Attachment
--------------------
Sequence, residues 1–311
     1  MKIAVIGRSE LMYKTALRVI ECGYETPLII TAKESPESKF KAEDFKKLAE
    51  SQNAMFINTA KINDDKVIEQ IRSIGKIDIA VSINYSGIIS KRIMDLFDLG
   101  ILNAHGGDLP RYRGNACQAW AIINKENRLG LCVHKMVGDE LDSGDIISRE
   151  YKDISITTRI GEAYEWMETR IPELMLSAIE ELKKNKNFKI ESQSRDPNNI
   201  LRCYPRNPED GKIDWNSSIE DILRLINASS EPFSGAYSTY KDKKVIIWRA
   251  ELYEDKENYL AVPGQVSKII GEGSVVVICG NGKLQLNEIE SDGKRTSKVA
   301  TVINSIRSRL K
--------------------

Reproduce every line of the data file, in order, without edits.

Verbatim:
Sequence, residues 1–311
     1  MKIAVIGRSE LMYKTALRVI ECGYETPLII TAKESPESKF KAEDFKKLAE
    51  SQNAMFINTA KINDDKVIEQ IRSIGKIDIA VSINYSGIIS KRIMDLFDLG
   101  ILNAHGGDLP RYRGNACQAW AIINKENRLG LCVHKMVGDE LDSGDIISRE
   151  YKDISITTRI GEAYEWMETR IPELMLSAIE ELKKNKNFKI ESQSRDPNNI
   201  LRCYPRNPED GKIDWNSSIE DILRLINASS EPFSGAYSTY KDKKVIIWRA
   251  ELYEDKENYL AVPGQVSKII GEGSVVVICG NGKLQLNEIE SDGKRTSKVA
   301  TVINSIRSRL K